Technique and Girl Laid Bare: Charles Johnstone’s “The Girl In The Fifth Floor Walk Up”

Photography has a much more recent history than literature, a history far more influenced by the pace of change in technology, mass communication, and the inherent nature of a form that leaves behind physical artifacts of those changes; that being the case, the process of the development of the language of photography has been much accelerated.

By Tom Medwell, ASX, July 2015

It is said that history repeats itself; in the arts, movements and ideas move from discipline to discipline over time, and devices are rebuilt on newer foundations as technologies and movements progress. Archaism in literature has a long history; writers from Shakespeare (“O braggart vile, and damned furious wight!”) to Pynchon have found ways to pluck phrases from by-gone days and re-appropriate them, creating new stories from a mythical past hinted at by the language. Great writers use such devices in language to help evoke a sense of history outside the bounds of their text, whether it ever existed or not; it is less the reality of the use of language that builds the myth than the recognition that it is non-contemporaneous to their reader, and the more skillfully it is done, the more cohesive and therefore authentic the language appears.

Of course, photography has a much more recent history than literature, a history far more influenced by the pace of change in technology, mass communication, and the inherent nature of a form that leaves behind physical artifacts of those changes; that being the case, the process of the development of the language of photography has been much accelerated. In its most popular form, this has resulted in the profusion of Instagram filters and film-inspired styles that are available for almost every digital camera on the market (in archaism terms, the photographic equivalent of International Talk Like A Pirate Day) – referencing a history of film types and development processes that far surpass any that were ever widely available when celluloid was king. This makes the use of film a decision that takes into account more than just aesthetic concerns – it demands a nuanced acknowledgement of what photographs that appear shot on film signify in a wider context. Nothing looks more shot on film than Polaroid, borders visible and technique laid bare, and this is how Charles Johnstone has chosen to shoot The Girl In The Fifth Floor Walk-Up.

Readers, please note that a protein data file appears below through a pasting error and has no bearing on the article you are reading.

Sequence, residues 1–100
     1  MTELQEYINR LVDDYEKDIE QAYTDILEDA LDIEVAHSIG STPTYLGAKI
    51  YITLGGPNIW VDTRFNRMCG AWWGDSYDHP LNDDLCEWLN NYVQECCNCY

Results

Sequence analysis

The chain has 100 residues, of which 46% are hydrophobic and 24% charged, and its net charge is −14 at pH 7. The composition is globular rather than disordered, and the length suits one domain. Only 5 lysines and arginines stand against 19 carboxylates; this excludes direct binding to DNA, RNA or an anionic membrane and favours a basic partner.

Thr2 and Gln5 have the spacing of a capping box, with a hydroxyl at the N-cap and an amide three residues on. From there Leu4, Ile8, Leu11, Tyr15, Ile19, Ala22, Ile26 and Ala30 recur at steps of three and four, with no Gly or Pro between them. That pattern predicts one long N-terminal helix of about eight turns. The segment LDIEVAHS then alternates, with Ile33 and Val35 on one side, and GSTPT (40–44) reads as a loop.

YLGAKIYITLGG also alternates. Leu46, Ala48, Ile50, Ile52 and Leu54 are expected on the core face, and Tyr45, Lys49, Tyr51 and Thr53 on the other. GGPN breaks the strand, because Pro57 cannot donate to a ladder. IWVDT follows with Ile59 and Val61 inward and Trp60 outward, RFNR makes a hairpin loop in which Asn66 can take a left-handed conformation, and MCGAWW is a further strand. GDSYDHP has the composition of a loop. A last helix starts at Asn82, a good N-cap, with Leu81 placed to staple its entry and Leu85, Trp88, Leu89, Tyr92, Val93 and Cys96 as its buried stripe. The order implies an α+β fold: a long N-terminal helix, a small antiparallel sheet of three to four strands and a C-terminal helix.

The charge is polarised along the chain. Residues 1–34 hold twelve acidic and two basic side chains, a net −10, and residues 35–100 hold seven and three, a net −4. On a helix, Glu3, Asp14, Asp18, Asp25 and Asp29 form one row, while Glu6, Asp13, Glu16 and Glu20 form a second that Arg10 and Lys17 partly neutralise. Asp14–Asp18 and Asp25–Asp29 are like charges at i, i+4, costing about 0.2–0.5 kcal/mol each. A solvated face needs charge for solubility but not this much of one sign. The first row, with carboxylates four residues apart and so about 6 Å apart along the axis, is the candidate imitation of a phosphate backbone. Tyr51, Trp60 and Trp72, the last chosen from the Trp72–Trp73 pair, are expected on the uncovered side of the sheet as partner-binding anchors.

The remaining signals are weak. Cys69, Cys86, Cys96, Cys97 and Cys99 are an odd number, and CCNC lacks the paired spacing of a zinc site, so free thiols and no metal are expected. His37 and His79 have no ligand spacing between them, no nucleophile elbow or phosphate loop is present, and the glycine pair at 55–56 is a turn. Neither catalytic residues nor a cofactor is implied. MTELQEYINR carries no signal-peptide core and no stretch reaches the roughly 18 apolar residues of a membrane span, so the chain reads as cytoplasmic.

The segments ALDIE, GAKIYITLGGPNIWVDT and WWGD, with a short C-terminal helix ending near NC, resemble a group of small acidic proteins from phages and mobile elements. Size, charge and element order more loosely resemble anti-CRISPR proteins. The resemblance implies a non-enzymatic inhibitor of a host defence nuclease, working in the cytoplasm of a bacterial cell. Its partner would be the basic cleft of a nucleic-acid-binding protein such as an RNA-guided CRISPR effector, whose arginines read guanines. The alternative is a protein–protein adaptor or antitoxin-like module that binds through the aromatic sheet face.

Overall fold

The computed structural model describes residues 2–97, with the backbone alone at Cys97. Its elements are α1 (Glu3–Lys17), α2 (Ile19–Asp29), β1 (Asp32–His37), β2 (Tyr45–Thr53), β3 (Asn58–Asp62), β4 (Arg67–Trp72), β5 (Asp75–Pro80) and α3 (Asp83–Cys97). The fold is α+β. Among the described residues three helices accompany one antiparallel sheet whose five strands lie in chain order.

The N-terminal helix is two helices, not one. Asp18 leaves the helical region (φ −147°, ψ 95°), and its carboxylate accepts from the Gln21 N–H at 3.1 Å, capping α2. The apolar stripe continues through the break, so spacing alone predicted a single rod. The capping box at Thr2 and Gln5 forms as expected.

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Two thirds of the way through the book there’s a Raymond Chandler quote, and then it all clicks: these photographs are like evidence – for blackmail, or documentation of a dirty weekend with a lover, or something found at a crime scene.

 

It is a beautifully printed and bound book; the inside cover has a diagram of the building, and the first image we see is of the subject of this series holding a polaroid in her hand – as far as openings go, focus is clearly drawn on both the technique used and the care taken over choosing it. The photography is intimate without being overly explicit; two thirds of the way through the book there’s a Raymond Chandler quote, and then it all clicks: these photographs are like evidence – for blackmail, or documentation of a dirty weekend with a lover, or something found at a crime scene. The model, Heather, has beautiful, Hollywood hair; the book becomes an insight into the secret lives of the rich and famous, or at least glamorous, the location and the model (comfortable looking into the camera, comfortable looking away) suggestive of a half-remembered age, and so, with this collection of Polaroid images, a mythical narrative backstory is created. Framed on the crisp white pages, and within the tactile covers, these pictures become a scrapbook, mementos of a private life, which though it may never have existed, fills the blank spaces between the photographs. It creates a contemporary archaism, myths of a time so recent that we can almost remember, and have no trouble at all imagining.

 

 

The Girl In The Fifth Floor Walk-Up

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(Text @ Tom Medwell. Images @ Charles Johnstone.)

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